Blasphemous Gaming — The Binding of Isaac (2011)

28 Aug

When Edmund McMillen and Florian Himsl released their independent video game The Binding of Isaac in 2011, they probably had some idea that their creation would be controversial. They didn’t expect it would sell a million copies, but they had high hopes for their unusual creation.

If you watched the embedded clip above, you’ll know now that the premise of the game is profoundly religious: Isaac is to be sacrificed to God by his devout mother, so he escapes to the basement where he fights monsters. We’re probably all aware that Abraham was asked by God to sacrifice Isaac on Mount Moriah (re-read Genesis 22 if you need a refresher). It’s commonly interpreted as a test of faith or loyalty, but it also has significant meaning in relation to the substitutive nature of sacrifice (animals for people). In this game, it’s an opportunity for the darkest religious themes to become power-ups for your character’s survival as Isaac.

If you want to get a sense of the gameplay, you can watch some of NorthernLion’s YouTube videos. You might want to briefly browse the game’s wiki of increasingly powerful items that help you survive. If you played the original NES The Legend of Zelda or the UNIX classic Rogue, you’ll find the game oddly familiar. If you’re not into games, a few minutes to get the gist of what the tone and mood of the gameplay is like is plenty.  (Warning: Northernlion’s language is NSFW right from the start, but he’s the most prolific Binding player on YouTube and his profane reactions emphasize the non-religious context of most gamer’s experience of the religious content.)

Naturally, what angered many observers when the game launched the profoundly dark and graphic presentation of religious elements. From the Four Horsemen of the Apocalypse to seemingly satanic imagery with pentagrams and the fictional grimoire Necronomicon, there is an abundance of provocative themes. Despite the cartoon style of the game, this is not for children. Nintendo, for instance, fearing the ease with which their young gamers could access the item in their online shops, removed the product from their stores. (This was mostly discussed as an instance of Nintendo failing to understand their own fleeting status as a gaming platform for serious gamers.)

The major issue surrounding the game became its designation as “blasphemous.” After all, this term is entirely relative. Blasphemy assumes discourses of truth and untruth, devout and disparaging speech. For retailers (and countries that assign ratings to game like Germany, Australia, and the United States), the issues of propriety, morality, and responsibility came headlong into discussions over religious norms and free speech. Who says the themes the game shows are blasphemous? Who has the right to decide the content is blasphemous for others? And so on.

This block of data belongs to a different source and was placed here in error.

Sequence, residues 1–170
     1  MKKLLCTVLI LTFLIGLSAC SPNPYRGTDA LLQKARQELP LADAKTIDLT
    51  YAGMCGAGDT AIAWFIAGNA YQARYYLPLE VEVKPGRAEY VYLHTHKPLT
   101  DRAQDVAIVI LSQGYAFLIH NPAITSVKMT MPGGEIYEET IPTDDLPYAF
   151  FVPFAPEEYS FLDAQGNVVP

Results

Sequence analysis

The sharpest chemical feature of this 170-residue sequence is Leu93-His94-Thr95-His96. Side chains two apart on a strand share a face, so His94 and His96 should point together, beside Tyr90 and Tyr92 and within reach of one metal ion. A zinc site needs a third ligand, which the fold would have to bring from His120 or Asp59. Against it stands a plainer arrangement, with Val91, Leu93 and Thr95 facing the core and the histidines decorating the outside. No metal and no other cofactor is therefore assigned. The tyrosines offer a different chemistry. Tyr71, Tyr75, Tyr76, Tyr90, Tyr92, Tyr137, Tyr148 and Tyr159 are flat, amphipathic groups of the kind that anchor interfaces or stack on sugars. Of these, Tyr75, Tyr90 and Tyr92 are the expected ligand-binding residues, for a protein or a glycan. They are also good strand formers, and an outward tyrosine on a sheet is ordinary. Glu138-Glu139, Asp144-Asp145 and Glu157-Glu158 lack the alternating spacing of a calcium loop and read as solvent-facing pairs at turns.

This controversy has subsided–it’s 2013 and the game continues to produce additional content that has significantly expanded the range of religious endings gamers find when they win–but the issues have not gone away.

As you can see, even Bioshock Infinite, an A list game from multimillion dollar developer Irrational Games, had a spate of bad press among Christian gamers who felt unable to accept the false baptism the main character requires to enter the game. Valve, makers of a game-platform called Steam where players downloaded the game, may have even gone so far as to refund the money of an offended gamer (in violation of their stated refund policies).

As narrative games become increasingly more sophisticated, we can all expect more and more rough patches between fictional representations of religion and the religious beliefs of gamers. Bioshock is just the latest (and biggest) title to have stirred these waters. I imagine that Witcher 3 (a hack-and-slash game with strong religious elements) might have this problem.  Or Diablo 3‘s newest expansion Reaper of Souls, which has an obvious Grim Reaper character as the newest protagonist.

If you’re watching religion in popular culture and all you’ve got on your plate is cinema and television, you’re missing the massive enterprise that is modern gaming culture. Superheroes may have leapt from comics to the screen, but franchises like Resident Evil, Doom, Mortal Kombat, Streetfighter, Pokemon, Tomb Raider, Hitman, Prince of Persia, and Silent Hill show that games are increasingly sources of cinematic profits.

Look here in the future for more posts about the religious elements of Bioshock Infinite, Assassin’s Creed, Diablo, and The Witcher. It’s a big help if you let me know you’d like to see these. Let me know in the comments and I’ll make it happen sooner rather than later.


2 Responses to “Blasphemous Gaming — The Binding of Isaac (2011)”


  1. Reaper of Souls — Religion in Diablo 3′s Expansion | A Lively Experiment - October 2, 2013

    […] As I suggested in an earlier post on the rising religious elements of a-list video game releases, the Reaper of Souls expansion for Diablo 3 is likely to be thorougly saturated with religious content. Today I want to walk through two of ways that will happen: Narrative and Gameplay. […]

  2. Serious Game — Studying Religion in Video Games | A Lively Experiment - October 23, 2013

    […] more thorough than all but a few fictional worlds (say, Tolkien’s). [See my earlier post of The Binding of Isaac and blasphemous gaming for a bit more on this point.] The tepid religious elements of most science […]

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